President Trump underwent his annual medical exam Friday, and while we don’t know the details of the 72-year-old president’s health yet, his doctor appears to have contracted a highly contagious disease that has afflicted all of Trump’s recent doctors.
Philip Bump first coined that term back when Harold Bornstein was issuing completely unserious reviews of the then-presidential candidate’s health. Bornstein at the time stated Trump would be the healthiest president ever elected, despite also being the oldest. After Trump was elected, White House doctor Ronny L. Jackson appeared to come down with a case when he declared Trump had “incredible genes” and (seemingly joked) that he could live to be 200 years old with a better diet and exercise. He also happened to put Trump exactly one pound shy of being considered “obese” and said Trump didn’t have heart disease even though the data suggested he might.
And now we have Sean Conley.
In a brief letter released Friday by the White House, Conley promised fuller results to come, but he wanted to make something clear right away.
“While the reports and recommendations are being finalized, I am happy to announce that the President of the United States is in very good health and I anticipate he will remain so for the duration of his Presidency, and beyond,” the memo from Conley states.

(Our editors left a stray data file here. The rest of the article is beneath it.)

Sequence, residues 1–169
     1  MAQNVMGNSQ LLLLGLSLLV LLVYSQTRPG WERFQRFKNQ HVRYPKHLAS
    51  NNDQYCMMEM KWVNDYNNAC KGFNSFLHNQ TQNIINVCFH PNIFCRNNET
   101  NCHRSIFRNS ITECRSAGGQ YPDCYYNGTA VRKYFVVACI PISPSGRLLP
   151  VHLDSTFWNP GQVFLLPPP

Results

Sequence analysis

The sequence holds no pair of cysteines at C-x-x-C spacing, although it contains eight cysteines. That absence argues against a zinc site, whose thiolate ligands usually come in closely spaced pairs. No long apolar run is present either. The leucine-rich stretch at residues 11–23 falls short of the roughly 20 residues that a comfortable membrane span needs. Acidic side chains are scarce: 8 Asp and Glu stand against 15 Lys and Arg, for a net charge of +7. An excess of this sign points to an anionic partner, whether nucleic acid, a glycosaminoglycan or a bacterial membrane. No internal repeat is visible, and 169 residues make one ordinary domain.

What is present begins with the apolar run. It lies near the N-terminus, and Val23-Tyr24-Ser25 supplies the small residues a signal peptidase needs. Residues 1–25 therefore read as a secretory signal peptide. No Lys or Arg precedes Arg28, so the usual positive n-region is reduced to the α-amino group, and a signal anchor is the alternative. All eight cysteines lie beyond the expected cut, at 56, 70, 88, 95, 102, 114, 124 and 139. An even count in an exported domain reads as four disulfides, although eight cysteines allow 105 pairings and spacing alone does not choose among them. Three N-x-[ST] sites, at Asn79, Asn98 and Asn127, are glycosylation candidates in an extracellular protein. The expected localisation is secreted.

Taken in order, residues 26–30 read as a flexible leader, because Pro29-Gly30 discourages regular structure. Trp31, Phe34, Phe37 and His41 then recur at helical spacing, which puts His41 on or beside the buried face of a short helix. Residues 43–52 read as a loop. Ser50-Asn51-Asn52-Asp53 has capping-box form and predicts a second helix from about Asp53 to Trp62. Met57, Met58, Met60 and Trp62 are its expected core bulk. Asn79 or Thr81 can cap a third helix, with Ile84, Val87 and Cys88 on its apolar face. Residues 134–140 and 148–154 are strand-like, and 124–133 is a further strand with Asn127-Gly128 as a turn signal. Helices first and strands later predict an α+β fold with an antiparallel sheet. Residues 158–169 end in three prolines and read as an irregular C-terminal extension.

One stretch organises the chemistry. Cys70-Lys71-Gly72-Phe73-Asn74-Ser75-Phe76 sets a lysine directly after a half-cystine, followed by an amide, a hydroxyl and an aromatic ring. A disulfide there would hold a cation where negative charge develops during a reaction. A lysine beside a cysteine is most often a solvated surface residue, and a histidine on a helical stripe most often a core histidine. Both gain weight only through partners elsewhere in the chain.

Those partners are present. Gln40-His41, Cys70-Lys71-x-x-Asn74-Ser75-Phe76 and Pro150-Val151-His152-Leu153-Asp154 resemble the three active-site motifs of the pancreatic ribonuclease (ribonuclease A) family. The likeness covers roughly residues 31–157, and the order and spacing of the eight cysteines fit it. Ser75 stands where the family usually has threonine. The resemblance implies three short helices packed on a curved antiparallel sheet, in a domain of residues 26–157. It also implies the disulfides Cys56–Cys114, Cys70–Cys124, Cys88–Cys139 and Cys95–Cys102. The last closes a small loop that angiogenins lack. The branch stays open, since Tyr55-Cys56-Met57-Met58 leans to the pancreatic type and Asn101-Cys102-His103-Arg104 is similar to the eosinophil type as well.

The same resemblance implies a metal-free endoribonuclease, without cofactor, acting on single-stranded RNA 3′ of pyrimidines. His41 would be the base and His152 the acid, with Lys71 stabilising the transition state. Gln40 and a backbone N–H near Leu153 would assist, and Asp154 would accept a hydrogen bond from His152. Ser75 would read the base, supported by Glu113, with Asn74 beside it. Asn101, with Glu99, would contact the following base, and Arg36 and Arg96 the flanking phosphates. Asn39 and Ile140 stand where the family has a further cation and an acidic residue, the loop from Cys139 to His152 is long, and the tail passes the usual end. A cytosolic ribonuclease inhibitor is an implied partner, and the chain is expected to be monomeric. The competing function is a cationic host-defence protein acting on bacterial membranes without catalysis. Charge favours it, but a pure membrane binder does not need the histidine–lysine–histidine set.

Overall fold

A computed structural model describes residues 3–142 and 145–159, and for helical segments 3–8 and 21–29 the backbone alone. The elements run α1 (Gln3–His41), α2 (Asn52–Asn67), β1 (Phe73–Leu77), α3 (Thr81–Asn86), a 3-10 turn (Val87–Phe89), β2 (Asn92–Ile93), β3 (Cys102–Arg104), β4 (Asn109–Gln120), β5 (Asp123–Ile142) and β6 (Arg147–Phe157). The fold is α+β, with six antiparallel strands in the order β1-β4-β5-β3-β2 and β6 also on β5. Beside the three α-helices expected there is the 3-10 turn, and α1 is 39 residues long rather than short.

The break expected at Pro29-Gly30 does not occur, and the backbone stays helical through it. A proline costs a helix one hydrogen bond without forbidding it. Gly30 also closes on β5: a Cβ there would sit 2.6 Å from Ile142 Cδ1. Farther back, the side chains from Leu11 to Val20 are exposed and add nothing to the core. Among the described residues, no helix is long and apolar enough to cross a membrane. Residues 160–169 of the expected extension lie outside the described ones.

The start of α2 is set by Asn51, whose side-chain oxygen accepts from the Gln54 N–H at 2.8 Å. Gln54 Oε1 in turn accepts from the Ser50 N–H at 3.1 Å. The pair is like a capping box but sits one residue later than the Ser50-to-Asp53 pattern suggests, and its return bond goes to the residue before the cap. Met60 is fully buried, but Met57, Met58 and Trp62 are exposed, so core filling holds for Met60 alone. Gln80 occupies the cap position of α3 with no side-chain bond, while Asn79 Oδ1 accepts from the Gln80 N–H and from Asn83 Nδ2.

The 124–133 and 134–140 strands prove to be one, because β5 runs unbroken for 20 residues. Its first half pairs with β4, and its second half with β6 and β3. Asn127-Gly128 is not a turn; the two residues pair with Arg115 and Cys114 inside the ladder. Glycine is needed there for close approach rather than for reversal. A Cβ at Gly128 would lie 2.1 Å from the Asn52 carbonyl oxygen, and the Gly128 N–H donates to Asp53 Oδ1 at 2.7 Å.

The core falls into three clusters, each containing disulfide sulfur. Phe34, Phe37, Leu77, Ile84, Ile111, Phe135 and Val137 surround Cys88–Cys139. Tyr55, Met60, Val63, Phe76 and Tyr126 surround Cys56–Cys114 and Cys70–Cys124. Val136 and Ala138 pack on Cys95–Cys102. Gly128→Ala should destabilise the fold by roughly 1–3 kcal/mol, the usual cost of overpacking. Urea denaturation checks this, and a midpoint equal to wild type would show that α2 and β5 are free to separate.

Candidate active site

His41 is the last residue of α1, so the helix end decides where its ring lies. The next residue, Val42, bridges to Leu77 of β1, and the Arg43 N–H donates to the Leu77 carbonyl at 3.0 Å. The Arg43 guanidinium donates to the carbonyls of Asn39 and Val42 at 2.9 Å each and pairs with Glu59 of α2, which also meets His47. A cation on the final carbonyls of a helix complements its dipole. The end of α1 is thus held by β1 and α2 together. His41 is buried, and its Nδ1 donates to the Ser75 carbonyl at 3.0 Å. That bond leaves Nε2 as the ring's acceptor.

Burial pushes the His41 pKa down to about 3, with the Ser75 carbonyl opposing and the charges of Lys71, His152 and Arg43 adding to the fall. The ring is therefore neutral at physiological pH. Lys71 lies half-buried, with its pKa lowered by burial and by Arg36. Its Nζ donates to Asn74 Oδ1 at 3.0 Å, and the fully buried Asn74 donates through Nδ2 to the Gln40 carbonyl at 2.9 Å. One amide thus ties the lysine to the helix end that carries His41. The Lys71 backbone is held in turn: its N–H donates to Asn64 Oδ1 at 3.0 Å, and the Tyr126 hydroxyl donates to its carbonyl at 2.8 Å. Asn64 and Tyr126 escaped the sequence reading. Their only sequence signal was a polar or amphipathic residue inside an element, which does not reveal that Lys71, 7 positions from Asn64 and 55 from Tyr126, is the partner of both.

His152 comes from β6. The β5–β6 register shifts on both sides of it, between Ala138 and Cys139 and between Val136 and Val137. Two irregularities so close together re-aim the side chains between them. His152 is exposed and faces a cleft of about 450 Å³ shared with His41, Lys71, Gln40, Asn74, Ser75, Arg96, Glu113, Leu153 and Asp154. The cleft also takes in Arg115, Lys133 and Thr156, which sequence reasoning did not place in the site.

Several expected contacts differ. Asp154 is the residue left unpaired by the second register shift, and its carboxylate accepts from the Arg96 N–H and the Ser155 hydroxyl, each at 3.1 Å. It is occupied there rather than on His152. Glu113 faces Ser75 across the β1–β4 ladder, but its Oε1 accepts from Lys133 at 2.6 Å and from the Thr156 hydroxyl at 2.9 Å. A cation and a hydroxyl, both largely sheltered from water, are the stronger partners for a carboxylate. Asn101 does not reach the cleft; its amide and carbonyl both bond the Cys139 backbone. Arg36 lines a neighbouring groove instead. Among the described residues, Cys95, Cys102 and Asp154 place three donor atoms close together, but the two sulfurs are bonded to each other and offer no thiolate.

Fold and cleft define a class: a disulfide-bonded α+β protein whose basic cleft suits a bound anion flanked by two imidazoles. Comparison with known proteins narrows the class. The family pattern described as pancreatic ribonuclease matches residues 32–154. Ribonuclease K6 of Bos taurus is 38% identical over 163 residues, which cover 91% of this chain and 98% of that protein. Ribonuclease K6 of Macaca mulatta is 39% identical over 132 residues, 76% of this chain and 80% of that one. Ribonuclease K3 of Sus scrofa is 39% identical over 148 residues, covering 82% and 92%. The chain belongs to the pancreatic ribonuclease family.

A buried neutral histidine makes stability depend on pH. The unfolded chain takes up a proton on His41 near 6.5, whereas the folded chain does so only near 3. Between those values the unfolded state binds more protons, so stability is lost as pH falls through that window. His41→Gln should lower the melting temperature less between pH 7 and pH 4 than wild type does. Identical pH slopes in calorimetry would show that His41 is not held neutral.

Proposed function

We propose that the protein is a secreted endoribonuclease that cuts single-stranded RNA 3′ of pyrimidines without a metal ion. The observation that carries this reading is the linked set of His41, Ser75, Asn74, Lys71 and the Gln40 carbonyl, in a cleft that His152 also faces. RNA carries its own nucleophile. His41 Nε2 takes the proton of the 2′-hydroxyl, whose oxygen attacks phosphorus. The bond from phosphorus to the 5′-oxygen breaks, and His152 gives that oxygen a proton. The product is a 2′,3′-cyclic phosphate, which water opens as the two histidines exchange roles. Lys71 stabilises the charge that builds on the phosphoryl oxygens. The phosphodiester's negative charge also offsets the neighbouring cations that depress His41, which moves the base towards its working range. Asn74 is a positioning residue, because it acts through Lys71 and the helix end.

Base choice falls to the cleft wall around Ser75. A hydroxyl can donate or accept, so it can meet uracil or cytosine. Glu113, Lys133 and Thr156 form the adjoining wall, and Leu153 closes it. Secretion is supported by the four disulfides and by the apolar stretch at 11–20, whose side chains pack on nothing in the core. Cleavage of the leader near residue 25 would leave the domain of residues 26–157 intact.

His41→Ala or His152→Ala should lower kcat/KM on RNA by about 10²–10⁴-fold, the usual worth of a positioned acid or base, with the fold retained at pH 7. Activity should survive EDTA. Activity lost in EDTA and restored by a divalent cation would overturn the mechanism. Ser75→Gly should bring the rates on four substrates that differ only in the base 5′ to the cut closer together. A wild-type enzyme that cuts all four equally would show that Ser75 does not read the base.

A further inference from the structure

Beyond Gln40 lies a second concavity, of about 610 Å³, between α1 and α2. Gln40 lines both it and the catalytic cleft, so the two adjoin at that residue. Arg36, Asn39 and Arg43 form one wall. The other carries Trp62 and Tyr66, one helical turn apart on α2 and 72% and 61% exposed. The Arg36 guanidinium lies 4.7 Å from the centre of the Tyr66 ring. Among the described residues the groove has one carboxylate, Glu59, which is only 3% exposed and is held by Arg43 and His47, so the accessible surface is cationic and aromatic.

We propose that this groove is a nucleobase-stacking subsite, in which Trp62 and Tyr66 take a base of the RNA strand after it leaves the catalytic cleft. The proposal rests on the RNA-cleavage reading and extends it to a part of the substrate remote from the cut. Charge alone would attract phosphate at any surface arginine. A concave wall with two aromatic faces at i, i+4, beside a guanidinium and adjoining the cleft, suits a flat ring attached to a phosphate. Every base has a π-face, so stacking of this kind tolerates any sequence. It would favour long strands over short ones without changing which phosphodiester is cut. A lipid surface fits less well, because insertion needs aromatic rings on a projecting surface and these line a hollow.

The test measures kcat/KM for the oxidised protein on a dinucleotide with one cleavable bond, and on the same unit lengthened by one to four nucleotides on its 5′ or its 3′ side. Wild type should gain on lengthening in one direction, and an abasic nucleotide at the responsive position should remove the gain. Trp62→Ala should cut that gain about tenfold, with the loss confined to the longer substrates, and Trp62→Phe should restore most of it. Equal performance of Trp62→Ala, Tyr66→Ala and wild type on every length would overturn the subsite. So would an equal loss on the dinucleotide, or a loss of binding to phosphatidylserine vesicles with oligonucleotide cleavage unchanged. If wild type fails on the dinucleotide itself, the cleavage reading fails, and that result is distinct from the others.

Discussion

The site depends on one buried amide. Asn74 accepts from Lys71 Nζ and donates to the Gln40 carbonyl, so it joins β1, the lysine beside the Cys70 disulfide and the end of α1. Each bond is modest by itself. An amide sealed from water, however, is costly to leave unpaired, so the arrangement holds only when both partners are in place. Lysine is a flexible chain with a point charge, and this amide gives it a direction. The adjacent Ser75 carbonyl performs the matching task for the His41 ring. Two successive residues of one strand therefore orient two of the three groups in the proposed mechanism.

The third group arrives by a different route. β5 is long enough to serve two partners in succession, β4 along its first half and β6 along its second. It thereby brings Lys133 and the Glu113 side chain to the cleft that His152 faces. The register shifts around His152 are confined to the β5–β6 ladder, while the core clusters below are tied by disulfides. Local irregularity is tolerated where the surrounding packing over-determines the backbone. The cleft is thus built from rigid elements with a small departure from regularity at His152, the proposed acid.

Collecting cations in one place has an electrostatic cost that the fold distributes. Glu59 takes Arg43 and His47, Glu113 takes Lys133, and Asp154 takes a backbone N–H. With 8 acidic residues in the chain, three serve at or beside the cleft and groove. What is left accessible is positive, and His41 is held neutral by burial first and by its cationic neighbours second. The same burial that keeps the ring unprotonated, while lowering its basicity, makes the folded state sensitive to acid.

Whatever the actual state of Trump’s health is, that’s quite the prediction. Trump will be president for at least two more years, assuming he finishes his first term. But if he wins reelection in 2020, he could be president for six more years, and would end his second term at 78. Conley is saying he even expects Trump to be “very” healthy “beyond” that date.
Talking about what could happen between now and then is morbid, and I’m not going to do it here. But suffice it to say, that’s a very long period of time over which to be predicting nothing impacting Trump’s “very good health” — about one-tenth of Trump’s entire life span to this point, in fact. Things can happen that all the medical tests in the world could never see coming, and they’re much more likely to happen when you are in your 70s.
“That speculation is both unnecessary and smacks of politically rosy glasses skewing age and weight and diet,” Arthur R. Caplan, an expert on medical ethics at New York University, said of Conley’s prediction. “We need to know is Trump capable of the office now — not in his second term.”
Caplan added that there was “no ethical prohibition” on predicting a patient’s good health in the years to come, “but rash speculation shaped by political matters is not exemplary professionalism.”
To be clear, this is not Bornstein-level hyperbole, nor does it seem to be on quite the same level as Jackson. But it is a curious inclusion for a president whose past doctors seemed to have felt compelled — or in Bornstein’s case, claims he actually was compelled (he says Trump literally dictated the letter) — to paint as optimistic a picture of Trump’s health as possible. This can’t be a coincidence.
We still don’t seem to have a truly sober and measured verdict of the health for our oldest newly elected president ever. We’ll see if Conley actually gives us one moving forward.